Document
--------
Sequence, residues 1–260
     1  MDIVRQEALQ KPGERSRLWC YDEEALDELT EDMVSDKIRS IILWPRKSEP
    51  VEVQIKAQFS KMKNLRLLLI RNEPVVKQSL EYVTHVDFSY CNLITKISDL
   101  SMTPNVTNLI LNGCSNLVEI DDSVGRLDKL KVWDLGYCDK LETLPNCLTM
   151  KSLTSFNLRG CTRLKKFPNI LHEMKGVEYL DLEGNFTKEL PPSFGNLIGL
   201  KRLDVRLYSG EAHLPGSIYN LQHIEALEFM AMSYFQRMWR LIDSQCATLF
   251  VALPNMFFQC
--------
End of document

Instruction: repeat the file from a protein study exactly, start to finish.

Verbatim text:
Sequence, residues 1–260
     1  MDIVRQEALQ KPGERSRLWC YDEEALDELT EDMVSDKIRS IILWPRKSEP
    51  VEVQIKAQFS KMKNLRLLLI RNEPVVKQSL EYVTHVDFSY CNLITKISDL
   101  SMTPNVTNLI LNGCSNLVEI DDSVGRLDKL KVWDLGYCDK LETLPNCLTM
   151  KSLTSFNLRG CTRLKKFPNI LHEMKGVEYL DLEGNFTKEL PPSFGNLIGL
   201  KRLDVRLYSG EAHLPGSIYN LQHIEALEFM AMSYFQRMWR LIDSQCATLF
   251  VALPNMFFQC